A magisterial anthology of American noir writing in the 20th century by the best-selling author of the LA Quartet: The Black Dahlia. The Big Nowhere , LA Confidential and White Jazz. In his intoduction to The Best American Noir of the Century, James Ellroy writes, "noir is the most scrutinised offshoot of the hard-boiled school of fiction. It's the long drop off the short pier and the wrong man and the wrong woman in perfect misalliance. It's the nightmare of flawed souls with big dreams and the precise how and why of the all-time sure thing that goes bad." Offering…


Book cover of The Postman Always Rings Twice

G.E. Nordell Author Of Backlot Requiem: A Rick Walker Mystery

From my list on hardboiled noir detective mystery stories.

Why am I passionate about this?

Among other things, I'm an existentialist. A well-constructed mystery novel is an existential puzzle given to the reader to solve at his/her leisure, and the noir sub-genre has the further subtext that the protagonistand the reader—are doomed in some way even if the solution is nailed. Romance novels are drivel and have no basis in reality, but noir and other types of mystery fiction reflect the way that the world works: you may solve this puzzle problem, but then you are left to a vast world that is rife with puzzles but without a coherent plot. The detective trudges on, achieves a kind of satisfaction, and then is thrust into the next crisis.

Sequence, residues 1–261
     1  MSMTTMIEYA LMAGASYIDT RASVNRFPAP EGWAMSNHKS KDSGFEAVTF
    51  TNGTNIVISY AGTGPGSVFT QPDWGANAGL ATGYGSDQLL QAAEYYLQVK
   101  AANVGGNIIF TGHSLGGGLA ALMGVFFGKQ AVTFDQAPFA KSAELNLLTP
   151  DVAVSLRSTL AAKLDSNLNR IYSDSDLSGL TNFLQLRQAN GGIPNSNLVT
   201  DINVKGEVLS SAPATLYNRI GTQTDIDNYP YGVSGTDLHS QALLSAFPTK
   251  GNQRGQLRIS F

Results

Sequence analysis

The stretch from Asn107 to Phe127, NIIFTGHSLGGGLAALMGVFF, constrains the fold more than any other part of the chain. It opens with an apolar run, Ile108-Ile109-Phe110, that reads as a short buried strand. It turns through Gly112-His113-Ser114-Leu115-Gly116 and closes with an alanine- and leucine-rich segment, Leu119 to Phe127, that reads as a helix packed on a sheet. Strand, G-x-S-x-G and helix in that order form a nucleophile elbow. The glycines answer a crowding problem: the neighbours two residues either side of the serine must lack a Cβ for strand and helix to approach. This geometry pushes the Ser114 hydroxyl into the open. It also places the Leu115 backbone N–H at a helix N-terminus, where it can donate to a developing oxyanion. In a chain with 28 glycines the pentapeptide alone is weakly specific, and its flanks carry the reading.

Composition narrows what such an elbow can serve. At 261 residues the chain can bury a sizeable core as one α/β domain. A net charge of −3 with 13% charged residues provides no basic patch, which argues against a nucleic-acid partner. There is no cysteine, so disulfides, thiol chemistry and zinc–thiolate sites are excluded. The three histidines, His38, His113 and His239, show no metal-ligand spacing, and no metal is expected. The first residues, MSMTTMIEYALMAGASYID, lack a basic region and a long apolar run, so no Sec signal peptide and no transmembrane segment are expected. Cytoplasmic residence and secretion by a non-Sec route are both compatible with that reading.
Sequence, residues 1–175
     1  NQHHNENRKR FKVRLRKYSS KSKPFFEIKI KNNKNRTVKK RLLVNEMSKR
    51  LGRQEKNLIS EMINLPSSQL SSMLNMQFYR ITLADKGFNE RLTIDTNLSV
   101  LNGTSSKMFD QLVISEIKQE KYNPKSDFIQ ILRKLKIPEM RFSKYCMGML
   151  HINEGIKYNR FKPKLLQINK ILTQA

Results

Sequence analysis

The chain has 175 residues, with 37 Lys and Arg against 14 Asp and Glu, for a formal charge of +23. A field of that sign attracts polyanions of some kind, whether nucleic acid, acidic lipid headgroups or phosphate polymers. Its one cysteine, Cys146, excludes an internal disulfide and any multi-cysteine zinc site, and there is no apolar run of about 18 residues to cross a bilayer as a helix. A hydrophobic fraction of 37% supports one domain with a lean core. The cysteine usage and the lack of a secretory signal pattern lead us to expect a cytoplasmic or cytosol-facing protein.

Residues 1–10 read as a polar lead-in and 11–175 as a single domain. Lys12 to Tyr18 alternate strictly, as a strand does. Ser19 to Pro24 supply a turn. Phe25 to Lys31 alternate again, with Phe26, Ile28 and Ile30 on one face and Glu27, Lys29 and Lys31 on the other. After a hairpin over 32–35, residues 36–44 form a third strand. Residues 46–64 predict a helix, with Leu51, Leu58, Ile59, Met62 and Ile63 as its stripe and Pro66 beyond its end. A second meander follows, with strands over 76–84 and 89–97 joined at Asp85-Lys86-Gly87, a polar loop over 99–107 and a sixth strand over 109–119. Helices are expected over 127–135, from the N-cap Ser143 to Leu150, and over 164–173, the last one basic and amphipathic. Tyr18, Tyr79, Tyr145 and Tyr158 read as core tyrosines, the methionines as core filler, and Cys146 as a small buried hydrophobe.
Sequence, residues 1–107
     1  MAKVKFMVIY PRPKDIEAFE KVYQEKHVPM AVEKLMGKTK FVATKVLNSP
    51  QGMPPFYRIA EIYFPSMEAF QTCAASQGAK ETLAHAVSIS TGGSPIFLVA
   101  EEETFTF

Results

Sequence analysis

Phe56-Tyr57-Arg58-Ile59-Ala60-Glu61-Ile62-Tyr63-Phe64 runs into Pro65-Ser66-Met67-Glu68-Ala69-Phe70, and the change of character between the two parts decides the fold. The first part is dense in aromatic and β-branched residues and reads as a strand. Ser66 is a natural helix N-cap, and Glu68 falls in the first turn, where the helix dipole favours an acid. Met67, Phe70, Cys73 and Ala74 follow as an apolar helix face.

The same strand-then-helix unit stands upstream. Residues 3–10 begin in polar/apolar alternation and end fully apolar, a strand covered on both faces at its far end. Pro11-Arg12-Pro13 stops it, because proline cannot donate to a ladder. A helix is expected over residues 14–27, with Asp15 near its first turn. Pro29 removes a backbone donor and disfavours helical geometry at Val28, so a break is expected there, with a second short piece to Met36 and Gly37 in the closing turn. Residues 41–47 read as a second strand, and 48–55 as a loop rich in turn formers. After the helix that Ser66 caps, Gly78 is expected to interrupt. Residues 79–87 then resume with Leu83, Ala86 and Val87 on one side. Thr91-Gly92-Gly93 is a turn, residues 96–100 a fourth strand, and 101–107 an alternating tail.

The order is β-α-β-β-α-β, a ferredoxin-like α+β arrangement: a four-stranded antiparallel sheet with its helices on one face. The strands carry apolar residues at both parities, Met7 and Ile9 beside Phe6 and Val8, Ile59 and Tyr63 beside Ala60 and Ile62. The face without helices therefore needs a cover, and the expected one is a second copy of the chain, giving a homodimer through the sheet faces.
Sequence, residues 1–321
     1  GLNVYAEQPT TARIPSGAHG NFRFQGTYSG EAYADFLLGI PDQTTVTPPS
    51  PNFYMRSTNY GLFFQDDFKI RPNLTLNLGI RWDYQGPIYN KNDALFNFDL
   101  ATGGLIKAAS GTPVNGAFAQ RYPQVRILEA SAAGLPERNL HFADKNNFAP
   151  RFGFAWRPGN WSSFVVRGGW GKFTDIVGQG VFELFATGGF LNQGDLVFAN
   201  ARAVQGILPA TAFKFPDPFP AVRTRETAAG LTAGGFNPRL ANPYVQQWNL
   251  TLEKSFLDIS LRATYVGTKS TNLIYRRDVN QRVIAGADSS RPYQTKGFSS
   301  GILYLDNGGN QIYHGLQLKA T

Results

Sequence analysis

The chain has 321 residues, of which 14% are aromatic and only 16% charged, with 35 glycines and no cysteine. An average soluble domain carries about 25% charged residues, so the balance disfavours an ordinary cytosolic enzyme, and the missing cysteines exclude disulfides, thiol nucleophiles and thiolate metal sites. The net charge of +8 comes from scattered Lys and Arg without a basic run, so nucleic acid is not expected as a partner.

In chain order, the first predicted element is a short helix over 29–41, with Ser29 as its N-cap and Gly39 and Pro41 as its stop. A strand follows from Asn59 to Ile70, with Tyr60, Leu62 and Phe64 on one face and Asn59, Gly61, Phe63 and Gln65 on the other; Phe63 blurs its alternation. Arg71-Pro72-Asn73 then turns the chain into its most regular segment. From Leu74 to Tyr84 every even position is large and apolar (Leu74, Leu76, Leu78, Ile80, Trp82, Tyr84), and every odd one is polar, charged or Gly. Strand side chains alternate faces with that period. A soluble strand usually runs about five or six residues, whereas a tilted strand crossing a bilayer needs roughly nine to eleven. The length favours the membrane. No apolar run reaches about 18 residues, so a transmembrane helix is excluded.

G.E.'s book list on hardboiled noir detective mystery stories

G.E. Nordell Why did G.E. love this book?

Watching bad people self-destruct is hard work, but author Cain makes sure that the bad people get what they deserve. A drifter takes a job at a roadside diner that is run by an old man and his beautiful and unhappy wife; the two youngsters begin a dangerous affair and then plot to kill the husband so that the girl inherits the property. But matters do not turn out as they planned. The novel has been adapted for film at least seven times, with the favorite being the 1946 movie starring Lana Turner.

By James M. Cain,

Why should I read it?

1 author picked The Postman Always Rings Twice as one of their favorite books, and they share why you should read it.

What is this book about?